On 27 and 28 October, the NCCR Democracy project managed by the University of Zurich, together with the Center for Comparative and International Studies at ETH, hosted a conference on the topic: “Transformation of the Arab World: Where is it heading to?” Adam Dempsey, Eveline Hoepli, Chantal Chastonay and I covered the event for the ISN.
The conference kicked off on Thursday morning with Roland Popp’s unscheduled presentation, “The Past as Prologue? Regional Dynamics and Revolutionary Trajectories in the Middle East.” Popp, a senior researcher at the Center for Security Studies (CSS) at ETH and an expert in the international history of the Middle East, stressed the importance of looking beyond the unit-level to understand transformation. Citing the example of Egypt’s 1952 revolution, the fear of Arab nationalism it provoked in the other monarchies of the region, and Nasser’s subsequent isolation (which, as we know, ended up driving him closer politically to the United States), he argued that regional dynamics are essential to understanding many developments whose logic at first appears confined to individual countries. Wise counsel, no doubt, and of obvious significance for the remarks that would follow.
Young men and women have formed the core of the recent uprisings across the Arab world. Yet media outlets have often generalized coverage of the Arab spring and overlooked individual contributions. So the Federal Department of Foreign Affairs’ (FDFA) decision to invite six activists to its Annual Conference was an opportunity to hear the hopes and fears of the region’s youth. Their message was a mixture of genuine ambition, cautious optimism and concern for the future.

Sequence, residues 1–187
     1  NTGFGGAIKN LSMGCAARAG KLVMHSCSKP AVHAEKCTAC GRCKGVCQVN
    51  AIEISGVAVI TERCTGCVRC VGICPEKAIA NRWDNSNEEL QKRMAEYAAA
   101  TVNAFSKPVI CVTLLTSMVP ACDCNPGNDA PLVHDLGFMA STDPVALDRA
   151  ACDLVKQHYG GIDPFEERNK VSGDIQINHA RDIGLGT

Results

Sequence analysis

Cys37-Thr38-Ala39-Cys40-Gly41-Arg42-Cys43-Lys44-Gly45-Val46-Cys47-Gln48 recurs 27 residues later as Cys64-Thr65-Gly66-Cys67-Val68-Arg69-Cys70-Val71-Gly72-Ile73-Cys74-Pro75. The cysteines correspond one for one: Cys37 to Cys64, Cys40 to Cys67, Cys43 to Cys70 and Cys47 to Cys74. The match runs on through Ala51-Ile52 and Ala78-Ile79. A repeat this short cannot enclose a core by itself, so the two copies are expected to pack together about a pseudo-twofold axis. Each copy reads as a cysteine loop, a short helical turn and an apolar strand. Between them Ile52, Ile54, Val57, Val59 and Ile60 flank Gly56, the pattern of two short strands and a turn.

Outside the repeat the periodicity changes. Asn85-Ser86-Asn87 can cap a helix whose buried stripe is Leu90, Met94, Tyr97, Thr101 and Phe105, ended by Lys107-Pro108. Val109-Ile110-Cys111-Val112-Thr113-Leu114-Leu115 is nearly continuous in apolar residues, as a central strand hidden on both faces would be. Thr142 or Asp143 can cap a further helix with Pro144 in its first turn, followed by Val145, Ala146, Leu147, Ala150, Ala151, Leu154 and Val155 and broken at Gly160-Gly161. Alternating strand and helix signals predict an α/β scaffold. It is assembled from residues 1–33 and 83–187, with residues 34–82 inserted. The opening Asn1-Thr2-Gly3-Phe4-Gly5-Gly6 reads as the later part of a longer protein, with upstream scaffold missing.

Despite recent clashes between Coptic Christians and the security forces of the interim military government, Egyptian youth remains confident that the ‘Tahrir spirit’ is alive and kicking. Confidence also remains high that genuine democratic change will happen and that upcoming elections will be free and fair. The Egyptian representative, Sondos Asem, also emphasized that relations between Muslims and Copts are generally good. While Islamists continue to grow as a significant political force, it is by no means guaranteed that they will eventually hold the reins of power. As a result, the Conference was told ‘not to fear the Arab spring’.
Libya’s Loay al-Magri offered a more substantive vision of the aspirations of the country’s youth. Demands have been made for the swift establishment of the rule of law with no ethnic distinctions. This should be accompanied by social and economic policies that review Libya’s education system, encourage vocational training, redevelop the commercial sector and revitalize the jobs market. It is also hoped that a full and frank exchange of ideas across Libyan society will result in similarly proactive foreign policies. It remains to be seen whether the recent death of Muammar Gaddafi will accelerate or temporarily derail these ambitions.
Perversely, it took a state of emergency to have Syria’s 48-year-old emergency rule removed. But although this had been a key demand of the protesters, the move is now seen as too little too late. In many ways, the situation is reminiscent of the events early February, when Egypt’s President Hosni Mubarak’s vague promises of reform were only salt in the wounds of the crowds on Tahrir Square.